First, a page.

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Moved by the melody: Jessica Butler leaves students on a high note

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Moved by the melody: Jessica Butler leaves students on a high note

Low brass professor Jessica Butler, left, works with masters student Weston Mayer, of Shippensburg, Pennsylvania, in her office at Altgeld Hall. (Brian Muñoz | @BrianMMunoz)

Low brass professor Jessica Butler, left, works with masters student Weston Mayer, of Shippensburg, Pennsylvania, in her office at Altgeld Hall. (Brian Muñoz | @BrianMMunoz)

Brian Muñoz | @BrianMMunoz

Low brass professor Jessica Butler, left, works with masters student Weston Mayer, of Shippensburg, Pennsylvania, in her office at Altgeld Hall. (Brian Muñoz | @BrianMMunoz)

Brian Muñoz | @BrianMMunoz

Brian Muñoz | @BrianMMunoz

Low brass professor Jessica Butler, left, works with masters student Weston Mayer, of Shippensburg, Pennsylvania, in her office at Altgeld Hall. (Brian Muñoz | @BrianMMunoz)

By Isabelle Rogers

Jessica Butler has been immersed in music all her life.

She grew up in a musical family in Georgia, where she took piano lessons with her siblings. Butler said she followed in the footsteps of her older sister when she first joined her middle school band as a trombone player.

Butler is a lecturer in music history and the coordinator for low brass collective, a musical ensemble made up of SIU students and community members that play trombone, euphonium and tuba.

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She said she became serious about music when she started taking private lessons in 7th grade. In her junior and senior year in high school she began taking lessons at the University of Georgia and became involved in the Atlanta Symphony Youth Orchestra.

“I got exposed to a ton of really great music that I never would have been exposed to otherwise,” Butler said. “From there, I just figured I enjoyed it so much I tried my best to pursue it in my education.”

Butler continued playing trombone in her high school band and in 10th grade, met her husband Christopher Butler, who is also a music professor at SIU.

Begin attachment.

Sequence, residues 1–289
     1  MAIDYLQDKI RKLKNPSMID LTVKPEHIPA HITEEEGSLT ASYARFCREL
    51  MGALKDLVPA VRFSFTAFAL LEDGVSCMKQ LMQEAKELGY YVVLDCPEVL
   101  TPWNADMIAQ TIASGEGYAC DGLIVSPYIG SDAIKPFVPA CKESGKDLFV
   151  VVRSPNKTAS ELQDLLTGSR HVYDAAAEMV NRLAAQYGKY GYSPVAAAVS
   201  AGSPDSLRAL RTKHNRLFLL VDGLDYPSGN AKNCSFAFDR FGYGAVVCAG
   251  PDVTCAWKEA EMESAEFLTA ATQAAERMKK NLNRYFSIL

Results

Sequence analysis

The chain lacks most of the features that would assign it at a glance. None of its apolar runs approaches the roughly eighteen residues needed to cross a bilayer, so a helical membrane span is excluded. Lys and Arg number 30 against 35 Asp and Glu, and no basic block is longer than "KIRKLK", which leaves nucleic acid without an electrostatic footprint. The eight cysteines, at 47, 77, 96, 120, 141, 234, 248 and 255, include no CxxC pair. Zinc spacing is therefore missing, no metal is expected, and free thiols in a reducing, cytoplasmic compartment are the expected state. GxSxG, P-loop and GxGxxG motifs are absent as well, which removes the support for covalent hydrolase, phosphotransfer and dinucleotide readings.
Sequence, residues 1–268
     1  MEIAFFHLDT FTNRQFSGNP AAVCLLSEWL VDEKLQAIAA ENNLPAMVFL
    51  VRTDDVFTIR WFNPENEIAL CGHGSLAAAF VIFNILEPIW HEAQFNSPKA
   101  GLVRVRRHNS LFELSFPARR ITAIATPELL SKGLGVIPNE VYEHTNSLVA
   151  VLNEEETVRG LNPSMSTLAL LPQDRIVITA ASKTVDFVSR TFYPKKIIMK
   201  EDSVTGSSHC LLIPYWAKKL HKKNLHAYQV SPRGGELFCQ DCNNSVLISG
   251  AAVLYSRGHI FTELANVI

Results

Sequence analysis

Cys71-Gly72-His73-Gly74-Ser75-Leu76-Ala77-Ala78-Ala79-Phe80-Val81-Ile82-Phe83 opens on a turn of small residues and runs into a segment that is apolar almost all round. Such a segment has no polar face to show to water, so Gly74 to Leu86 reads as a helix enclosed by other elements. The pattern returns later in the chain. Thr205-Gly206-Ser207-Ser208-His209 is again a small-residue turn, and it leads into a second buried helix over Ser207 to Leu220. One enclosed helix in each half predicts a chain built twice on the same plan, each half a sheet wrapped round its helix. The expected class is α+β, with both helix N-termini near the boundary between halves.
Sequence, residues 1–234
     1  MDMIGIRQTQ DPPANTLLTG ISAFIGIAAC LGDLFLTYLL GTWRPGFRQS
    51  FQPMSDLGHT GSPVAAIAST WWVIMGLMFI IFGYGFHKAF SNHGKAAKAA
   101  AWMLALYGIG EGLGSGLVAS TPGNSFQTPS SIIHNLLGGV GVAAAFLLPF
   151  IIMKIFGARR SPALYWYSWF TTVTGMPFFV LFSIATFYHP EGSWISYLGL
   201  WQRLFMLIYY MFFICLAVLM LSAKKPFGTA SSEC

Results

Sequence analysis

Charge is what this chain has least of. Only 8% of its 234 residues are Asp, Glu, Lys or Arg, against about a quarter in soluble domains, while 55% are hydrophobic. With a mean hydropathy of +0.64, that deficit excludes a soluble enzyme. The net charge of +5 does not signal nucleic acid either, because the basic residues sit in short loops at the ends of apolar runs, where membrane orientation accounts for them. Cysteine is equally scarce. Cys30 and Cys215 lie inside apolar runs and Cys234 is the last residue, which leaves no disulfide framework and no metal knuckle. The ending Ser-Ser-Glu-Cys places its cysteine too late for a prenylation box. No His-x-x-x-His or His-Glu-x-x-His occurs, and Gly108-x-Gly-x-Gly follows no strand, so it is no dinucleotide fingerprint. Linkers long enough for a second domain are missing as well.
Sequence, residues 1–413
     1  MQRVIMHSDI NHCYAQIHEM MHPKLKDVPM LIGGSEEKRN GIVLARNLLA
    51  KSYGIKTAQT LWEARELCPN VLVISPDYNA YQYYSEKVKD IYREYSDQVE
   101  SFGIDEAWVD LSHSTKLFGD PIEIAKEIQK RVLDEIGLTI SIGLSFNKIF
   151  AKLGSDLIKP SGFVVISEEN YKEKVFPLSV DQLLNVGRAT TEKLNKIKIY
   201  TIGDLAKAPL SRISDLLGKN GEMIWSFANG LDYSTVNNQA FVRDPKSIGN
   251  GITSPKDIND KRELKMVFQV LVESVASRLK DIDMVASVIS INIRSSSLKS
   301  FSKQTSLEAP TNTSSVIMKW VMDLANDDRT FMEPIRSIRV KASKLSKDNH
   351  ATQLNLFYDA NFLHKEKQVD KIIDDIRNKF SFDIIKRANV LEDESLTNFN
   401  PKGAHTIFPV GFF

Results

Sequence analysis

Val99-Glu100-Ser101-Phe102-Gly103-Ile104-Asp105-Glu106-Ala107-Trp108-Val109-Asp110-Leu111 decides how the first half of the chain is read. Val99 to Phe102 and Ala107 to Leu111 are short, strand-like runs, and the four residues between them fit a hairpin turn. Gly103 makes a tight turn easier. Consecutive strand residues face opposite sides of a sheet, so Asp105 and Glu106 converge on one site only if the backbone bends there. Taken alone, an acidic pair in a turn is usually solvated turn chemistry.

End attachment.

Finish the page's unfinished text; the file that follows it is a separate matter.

“For us, it is the perfect situation,” Christopher Butler said. “ We have a situation where we can both do exactly what we want to do as far as our jobs and our roles, … but the fact that we pursued our own research and interests and passions and the fact that we can both have that here at SIU is pretty serendipitous.”

After receiving her master’s and doctorate from the University of Iowa, Butler said she found the “perfect job” here at SIU.

“I’ve always liked school and studying and the academic setting,” Butler said. “I figured if I could make a career doing that, it would be really fun.”

A couple of weeks after offered the job at SIU, a position opened for a percussion professor, which her husband applied for as he was finishing his doctorate at the University of Kentucky.  

Jessica and Christopher Butler have been working at SIU together for four years now and have an 18-month-old son named Clark.

“We feel so thankful to be here together doing, honestly, what we absolutely love, and we can’t imagine doing anything else,” Jessica Butler said. “A lot of times we say to each other, ‘I can’t believe we get paid to do this.’”

Butler said in her career she has noticed most trombone players are male. She did her doctoral research on a female trombonist named Abbie Conant, who is a well known feminist in the music industry.

Conant’s work explores the creative identity of women as well as performing many of feminist musical works.

“Being a female trombone player, it’s still a little unusual to people because when [people] think of trombone players, they think of a guy,” Butler said. “I’m just enjoying the experience of being a female brass musician.”

Butler brings new and different aspects of music and teaching to her students in multiple ways, said sophomore Riley Wagner.

Wagner, a computer electrical engineering major from Danville, has Butler as a professor for low brass collective and said she makes an effort to introduce her students to new music.

“We play chamber music but she finds music that’s out of the ordinary, it’s not stuff that everybody has heard a million times,” Wagner said.

Though Butler makes an effort to find new music for her students, Wagner said it is not her only aspect that is refreshing.

“I think it’s [inspiring] that she is a younger teacher,” Wagner said. “She’s more relatable to students. I think that’s very cool.”

Cameron Taylor, a senior music performance major specializing in euphonium, said he believes Butler’s persona is unique.

“Her overall personality is just so light hearted and humble that she just brightens up the room,” Taylor said. “Her personality and teaching style is always very forward and very enlightening.”

As Christopher Butler works with his wife, he said he gets to see her see her find harmony among all different aspects of her life.

“I think with everything she does, with how she balances becoming a great musician with becoming a great teacher with being a new mother as well, there is a ton of preparation that goes into it and there’s a lot of work,” Christopher Butler said. “She consistently strives to do the best job in every aspect of her roles. I think that’s what makes her extremely unique.”

Staff writer Isabelle Rogers can be reached at irogers@dailyegyptian.com or on Twitter @isabellearogers. 

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